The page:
Failure of a scheme of arrangement: sanction should not be taken for granted

24 September 2020

The case of Re Sunbird Business Services Limited [2020] EWHC 2493 (Ch) is a salutary reminder that the court will not simply rubber stamp a scheme of arrangement approved by a company’s creditors.

A scheme of arrangement is a procedure available under the Companies Act 2006 that is commonly used to restructure the liabilities of a company. It involves three stages:

  1. Convening hearing: A court hearing to decide whether the court should order the convening of meetings of one or more classes of creditors affected by the scheme. If the order is made to convene the meetings then the scheme creditors should be provided with a copy of the document setting out the proposed scheme and an explanatory statement.
  2. Creditors’ meeting(s): Each class of creditors meets and votes on the scheme. A scheme needs to be approved by 75% or more by value and at least 50% by number of creditors.
  3. Sanction hearing: Following approval by each class of creditors there is a second court hearing to consider whether the court should sanction the scheme.

The creditors of Sunbird Business Services Limited (Sunbird) voted to approve Sunbird’s proposed scheme of arrangement by the requisite majorities. However, at the sanction hearing some of the dissenting creditors challenged the scheme on the basis that the scheme document and the accompanying explanatory statement were misleading and inadequate such that an intelligent and honest creditor could not have approved the scheme on the basis of the information provided. The judge, Mr Justice Snowden, agreed and declined to sanction Sunbird’s scheme.

The judgment provides useful guidance on how a company proposing a scheme or a restructuring plan (a newly introduced restructuring tool that shares many of the procedural steps with a scheme of arrangement, including the need for the court’s sanction) should engage with its creditors.

Estimate outcome of alternatives scenarios. The creditors should be aware of the consequences of them not approving the scheme, such as the estimated outcome for creditors in an administration or liquidation. Ideally, this estimate would be provided by a professional advisor to the company, such as an insolvency practitioner, rather than leaving the creditors to rely on the assertion of the company’s directors.

Adhere to court orders on timing of provision of information. Sunbird attempted to remedy some of the deficiencies in their original explanatory statement, including the omission of the mandatory statement of the directors’ interest in the scheme, by circulating an addendum. However, this was only circulated to creditors 11 days prior to the creditors’ meeting even though the court’s convening order required that this be provided at least 21 clear days prior to the meeting. If a company, with good reason, cannot adhere to the timings in the original convening hearing it should seek a second order from the court.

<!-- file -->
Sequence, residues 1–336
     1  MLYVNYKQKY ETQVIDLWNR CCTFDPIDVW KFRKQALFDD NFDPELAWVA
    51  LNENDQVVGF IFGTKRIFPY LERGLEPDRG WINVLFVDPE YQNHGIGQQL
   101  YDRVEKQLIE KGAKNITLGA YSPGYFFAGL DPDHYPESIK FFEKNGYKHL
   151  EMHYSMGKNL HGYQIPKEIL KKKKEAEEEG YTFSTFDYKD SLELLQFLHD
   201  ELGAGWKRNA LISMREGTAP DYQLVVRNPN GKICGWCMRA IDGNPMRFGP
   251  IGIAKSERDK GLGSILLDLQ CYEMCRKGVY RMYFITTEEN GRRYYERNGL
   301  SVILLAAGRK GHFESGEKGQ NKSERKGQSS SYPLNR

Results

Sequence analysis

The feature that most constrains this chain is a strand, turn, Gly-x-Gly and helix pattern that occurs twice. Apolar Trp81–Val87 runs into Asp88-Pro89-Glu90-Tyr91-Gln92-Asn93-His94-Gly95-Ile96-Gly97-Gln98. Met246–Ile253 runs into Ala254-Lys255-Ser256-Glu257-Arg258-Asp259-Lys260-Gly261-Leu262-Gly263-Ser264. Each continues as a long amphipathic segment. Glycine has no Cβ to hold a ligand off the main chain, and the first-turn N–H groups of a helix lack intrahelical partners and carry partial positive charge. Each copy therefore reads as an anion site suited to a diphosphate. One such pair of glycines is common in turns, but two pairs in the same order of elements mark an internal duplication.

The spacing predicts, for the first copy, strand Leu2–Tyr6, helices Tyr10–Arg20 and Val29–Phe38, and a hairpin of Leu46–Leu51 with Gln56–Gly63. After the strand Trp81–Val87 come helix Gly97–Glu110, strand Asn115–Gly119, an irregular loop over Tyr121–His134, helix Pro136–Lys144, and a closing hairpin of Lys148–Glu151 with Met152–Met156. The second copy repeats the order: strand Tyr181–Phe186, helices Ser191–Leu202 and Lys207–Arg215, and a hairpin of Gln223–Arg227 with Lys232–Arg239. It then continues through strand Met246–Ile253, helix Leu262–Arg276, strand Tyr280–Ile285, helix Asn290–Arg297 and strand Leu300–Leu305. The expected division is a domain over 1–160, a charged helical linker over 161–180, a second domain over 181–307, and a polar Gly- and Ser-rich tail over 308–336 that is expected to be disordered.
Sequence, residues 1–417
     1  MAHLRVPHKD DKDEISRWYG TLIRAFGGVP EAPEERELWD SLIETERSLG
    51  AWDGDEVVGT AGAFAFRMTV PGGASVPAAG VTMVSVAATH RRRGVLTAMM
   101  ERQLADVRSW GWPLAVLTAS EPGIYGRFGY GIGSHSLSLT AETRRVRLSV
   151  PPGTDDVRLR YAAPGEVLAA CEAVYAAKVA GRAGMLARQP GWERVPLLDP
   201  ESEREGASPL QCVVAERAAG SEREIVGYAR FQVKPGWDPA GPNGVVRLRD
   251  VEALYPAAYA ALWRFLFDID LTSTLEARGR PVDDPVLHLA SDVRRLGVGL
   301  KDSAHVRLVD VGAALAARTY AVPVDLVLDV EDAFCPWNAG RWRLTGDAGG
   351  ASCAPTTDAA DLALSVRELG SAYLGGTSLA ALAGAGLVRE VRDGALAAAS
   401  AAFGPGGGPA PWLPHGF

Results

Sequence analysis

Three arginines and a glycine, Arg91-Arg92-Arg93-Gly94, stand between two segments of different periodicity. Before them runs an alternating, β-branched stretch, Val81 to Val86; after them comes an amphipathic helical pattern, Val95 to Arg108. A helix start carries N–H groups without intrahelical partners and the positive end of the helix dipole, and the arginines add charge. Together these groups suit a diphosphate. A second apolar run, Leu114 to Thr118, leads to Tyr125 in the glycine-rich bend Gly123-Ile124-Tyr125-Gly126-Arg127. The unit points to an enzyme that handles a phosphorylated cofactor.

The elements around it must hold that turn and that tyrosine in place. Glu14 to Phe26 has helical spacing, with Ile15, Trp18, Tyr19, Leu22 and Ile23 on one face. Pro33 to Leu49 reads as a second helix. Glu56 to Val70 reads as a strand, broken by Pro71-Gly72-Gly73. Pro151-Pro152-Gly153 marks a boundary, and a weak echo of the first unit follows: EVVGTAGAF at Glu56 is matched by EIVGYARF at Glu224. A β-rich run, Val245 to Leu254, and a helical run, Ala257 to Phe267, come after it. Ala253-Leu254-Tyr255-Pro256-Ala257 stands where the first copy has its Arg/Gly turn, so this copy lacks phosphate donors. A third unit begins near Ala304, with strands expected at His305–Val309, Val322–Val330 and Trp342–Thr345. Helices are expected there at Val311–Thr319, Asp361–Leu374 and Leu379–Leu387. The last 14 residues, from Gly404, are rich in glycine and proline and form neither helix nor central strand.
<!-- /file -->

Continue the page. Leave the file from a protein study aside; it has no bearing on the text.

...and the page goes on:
Independent experts. Mr Justice Snowden was damning about the anonymity of an independent expert cited by Sunbird in their explanatory statement in support of the directors’ valuation methodology. Where an independent expert is used to buttress the recommendation of a scheme that expert should be identified and the explanatory statement should make clear the terms and basis on which the expert gave their advice or opinion and whether they are prepared to accept responsibility for that opinion to scheme creditors.

Inter-conditional transactions must be explained fully. Where there is another transaction that is legally and commercially inter-conditional with the scheme sufficient information must be provided to creditors so that they can understand all parts of the wider restructuring. In Sunbird’s case this was an equity rights issue that was linked to the scheme becoming effective.

Informal side conversations are not a remedy. Material deficiencies in the information provided in the formal scheme document and explanatory statement will not ordinarily be curable by communications with creditors outside of the scheme process, particularly if these informal communications are with some but not all creditors.

Take care with lock-up agreements. Getting the agreement of creditors to vote in support of a scheme in advance is not prohibited. The courts have recognised that this practice occurs as they often have to consider whether locked-up creditors should be considered a separate class. However, Mr Justice Snowden sounded a note of caution that where creditors have bound themselves to approve a scheme before the full details of the scheme have been provided to creditors this may cause the court to question its reliance on a majority vote as a reflection of the commercial interests of that class of creditors. Companies should carefully consider how early they want to get creditors to enter into lock-up agreements and what incentives they should offer to creditors to lock-up their support, such as payment of a fee for earlier entry into a lock-up agreement.

at the sanction stage, the court does not simply act as a "rubber-stamp" for the wishes of the majority as expressed at the court meeting